Gardens to Gables

Turnpike Tales: Frye’s Inn, Capon Bridge, West Virginia

On a recent road trip, I watched the interstate exits from the passenger side, taking stock of our lodging options (which were plentiful and brightly lit). Travelers straggling along 19th century turnpikes likely yearned for a light to left on – and the sight of a roadside inn surely provided great comfort.  I thought of this while exploring in West Virginia and coming across a long building on the north side of the road in the town of Capon Bridge. Like any historic traveler before me, I recognized the bulk of the two-and-one-half story building as a tavern or inn.

The early-19th century Frye's Inn in Capon Bridge, West Virginia.

The early-19th century Frye’s Inn in Capon Bridge, West Virginia.

Built between 1800 and 1818, the log and frame building has numerous windows and doors, and massive brick chimneys that likely serve a number of hearths. The inn is 10 bays on the first floor facade, with alternating doors and windows (9/6 double-hung sash on the first story, and 6/6 on the second). Margaret Caudy and her husband Eli Beall built the inn as a stop on the Northwestern Turnpike (now US Route 50). Their daughter married a Frye, and when the inn transferred to the next generation, the name changed from “Beall’s Inn” to Frye’s Inn.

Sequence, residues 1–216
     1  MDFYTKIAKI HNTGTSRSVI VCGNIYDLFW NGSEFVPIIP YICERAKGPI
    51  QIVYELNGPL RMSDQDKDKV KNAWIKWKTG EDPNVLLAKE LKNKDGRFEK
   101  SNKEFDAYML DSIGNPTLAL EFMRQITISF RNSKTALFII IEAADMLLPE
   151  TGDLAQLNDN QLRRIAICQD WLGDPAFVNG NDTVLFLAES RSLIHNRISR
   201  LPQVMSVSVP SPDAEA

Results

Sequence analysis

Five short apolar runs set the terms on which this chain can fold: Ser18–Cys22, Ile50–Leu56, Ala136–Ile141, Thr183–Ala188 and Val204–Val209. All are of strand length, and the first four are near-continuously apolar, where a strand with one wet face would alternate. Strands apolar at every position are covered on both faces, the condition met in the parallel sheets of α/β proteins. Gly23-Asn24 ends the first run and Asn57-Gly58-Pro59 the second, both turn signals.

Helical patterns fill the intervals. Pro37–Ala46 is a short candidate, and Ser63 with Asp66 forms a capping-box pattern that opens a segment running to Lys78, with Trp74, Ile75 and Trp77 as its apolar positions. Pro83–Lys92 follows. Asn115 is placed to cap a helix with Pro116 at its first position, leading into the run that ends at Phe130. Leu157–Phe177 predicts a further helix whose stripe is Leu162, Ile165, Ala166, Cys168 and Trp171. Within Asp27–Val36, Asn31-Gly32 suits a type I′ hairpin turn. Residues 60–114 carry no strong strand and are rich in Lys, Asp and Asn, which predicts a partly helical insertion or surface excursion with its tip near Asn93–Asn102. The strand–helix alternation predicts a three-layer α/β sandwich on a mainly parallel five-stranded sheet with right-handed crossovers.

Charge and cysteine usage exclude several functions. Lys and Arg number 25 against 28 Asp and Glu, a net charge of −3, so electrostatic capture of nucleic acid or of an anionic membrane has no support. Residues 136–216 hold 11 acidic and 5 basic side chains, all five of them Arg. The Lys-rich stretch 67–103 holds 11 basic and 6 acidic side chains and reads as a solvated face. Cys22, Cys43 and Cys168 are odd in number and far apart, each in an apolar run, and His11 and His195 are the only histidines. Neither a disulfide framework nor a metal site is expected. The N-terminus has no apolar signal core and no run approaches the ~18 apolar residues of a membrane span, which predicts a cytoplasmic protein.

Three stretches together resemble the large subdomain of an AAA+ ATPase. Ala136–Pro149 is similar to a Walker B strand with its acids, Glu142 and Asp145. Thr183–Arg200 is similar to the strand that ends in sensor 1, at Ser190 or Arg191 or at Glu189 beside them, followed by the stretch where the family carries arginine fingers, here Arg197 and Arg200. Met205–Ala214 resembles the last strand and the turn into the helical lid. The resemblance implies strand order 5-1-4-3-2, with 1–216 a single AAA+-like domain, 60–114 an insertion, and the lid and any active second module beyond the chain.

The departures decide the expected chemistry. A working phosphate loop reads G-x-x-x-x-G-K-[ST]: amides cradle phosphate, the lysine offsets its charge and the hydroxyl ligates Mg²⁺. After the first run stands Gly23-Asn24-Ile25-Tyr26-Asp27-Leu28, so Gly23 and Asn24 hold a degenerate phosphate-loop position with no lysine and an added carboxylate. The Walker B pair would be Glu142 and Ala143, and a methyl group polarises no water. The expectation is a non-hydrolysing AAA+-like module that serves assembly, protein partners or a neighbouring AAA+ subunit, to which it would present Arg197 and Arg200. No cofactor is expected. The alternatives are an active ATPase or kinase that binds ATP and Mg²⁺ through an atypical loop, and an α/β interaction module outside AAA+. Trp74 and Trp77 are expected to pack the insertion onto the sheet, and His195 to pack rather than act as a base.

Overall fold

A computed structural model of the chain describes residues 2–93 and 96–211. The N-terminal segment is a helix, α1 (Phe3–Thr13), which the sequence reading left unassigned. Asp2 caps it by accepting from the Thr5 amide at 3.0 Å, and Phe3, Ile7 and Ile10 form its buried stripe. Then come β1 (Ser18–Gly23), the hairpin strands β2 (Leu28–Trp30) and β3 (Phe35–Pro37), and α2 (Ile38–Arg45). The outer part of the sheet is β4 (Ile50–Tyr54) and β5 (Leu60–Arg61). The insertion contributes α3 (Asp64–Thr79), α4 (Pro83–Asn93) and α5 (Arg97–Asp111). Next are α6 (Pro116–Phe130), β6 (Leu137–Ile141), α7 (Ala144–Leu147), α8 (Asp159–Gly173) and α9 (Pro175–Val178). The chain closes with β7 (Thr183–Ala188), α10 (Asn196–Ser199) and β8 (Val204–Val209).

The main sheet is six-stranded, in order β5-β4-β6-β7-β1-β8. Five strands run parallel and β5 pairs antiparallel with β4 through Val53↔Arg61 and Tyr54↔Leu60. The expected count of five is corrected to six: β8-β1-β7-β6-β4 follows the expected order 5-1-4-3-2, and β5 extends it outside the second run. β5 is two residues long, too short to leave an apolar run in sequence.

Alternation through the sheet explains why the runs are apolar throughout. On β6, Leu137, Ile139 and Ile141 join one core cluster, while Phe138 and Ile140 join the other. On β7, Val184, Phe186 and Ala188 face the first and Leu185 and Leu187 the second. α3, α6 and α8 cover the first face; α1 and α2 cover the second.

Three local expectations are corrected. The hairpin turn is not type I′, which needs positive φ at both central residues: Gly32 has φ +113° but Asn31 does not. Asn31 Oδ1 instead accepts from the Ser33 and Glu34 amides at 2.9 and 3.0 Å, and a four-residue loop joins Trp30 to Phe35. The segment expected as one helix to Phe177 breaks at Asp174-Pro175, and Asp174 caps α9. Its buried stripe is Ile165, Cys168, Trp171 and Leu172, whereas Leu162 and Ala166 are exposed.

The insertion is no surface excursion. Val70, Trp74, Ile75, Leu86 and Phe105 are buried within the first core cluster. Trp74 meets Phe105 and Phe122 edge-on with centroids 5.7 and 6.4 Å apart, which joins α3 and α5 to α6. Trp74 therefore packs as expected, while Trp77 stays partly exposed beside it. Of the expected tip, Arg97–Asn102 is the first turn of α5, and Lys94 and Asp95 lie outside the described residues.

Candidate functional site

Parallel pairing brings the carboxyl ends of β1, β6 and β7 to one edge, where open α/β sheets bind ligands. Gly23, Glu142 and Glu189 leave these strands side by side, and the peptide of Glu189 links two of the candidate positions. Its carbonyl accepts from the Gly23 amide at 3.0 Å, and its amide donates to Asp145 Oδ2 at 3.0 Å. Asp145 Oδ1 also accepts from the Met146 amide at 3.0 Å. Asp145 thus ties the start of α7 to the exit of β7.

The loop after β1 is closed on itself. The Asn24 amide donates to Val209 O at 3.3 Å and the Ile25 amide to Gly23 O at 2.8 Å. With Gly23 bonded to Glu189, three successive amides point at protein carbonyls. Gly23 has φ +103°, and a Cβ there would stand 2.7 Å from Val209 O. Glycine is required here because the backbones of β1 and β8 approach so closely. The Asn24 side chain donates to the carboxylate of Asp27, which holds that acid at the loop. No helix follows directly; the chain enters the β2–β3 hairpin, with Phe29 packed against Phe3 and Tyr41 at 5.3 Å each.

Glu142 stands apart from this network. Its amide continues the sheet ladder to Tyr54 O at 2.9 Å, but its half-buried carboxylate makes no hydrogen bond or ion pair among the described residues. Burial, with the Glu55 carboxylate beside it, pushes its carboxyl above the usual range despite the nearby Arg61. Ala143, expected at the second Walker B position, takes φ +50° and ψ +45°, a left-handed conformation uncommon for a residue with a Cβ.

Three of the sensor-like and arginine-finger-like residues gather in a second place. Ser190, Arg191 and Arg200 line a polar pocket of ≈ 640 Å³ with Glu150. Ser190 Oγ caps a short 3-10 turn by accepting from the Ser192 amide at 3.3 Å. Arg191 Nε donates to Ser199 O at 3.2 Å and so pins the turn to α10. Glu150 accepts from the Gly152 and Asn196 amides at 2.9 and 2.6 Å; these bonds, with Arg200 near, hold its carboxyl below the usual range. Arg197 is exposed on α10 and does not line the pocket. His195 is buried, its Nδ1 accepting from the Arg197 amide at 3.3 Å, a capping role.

Undated early 20th century photograph from

Undated early 20th century photograph from

At some point in the 20th century, the building became a private home. As I stood on the opposite side of the former turnpike, taking photos and wondering about the story of the impressive building, I wished it was my stop for the evening.

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One Thought on “Turnpike Tales: Frye’s Inn, Capon Bridge, West Virginia

  1. Rogers Barde on November 6, 2015 at 11:53 am said:

    I loved seeing the inn, knowing that the Bealls and the Fryes were probably on their way to Kentucky from Hampshire County. So many names are familiar in Hampshire Co!

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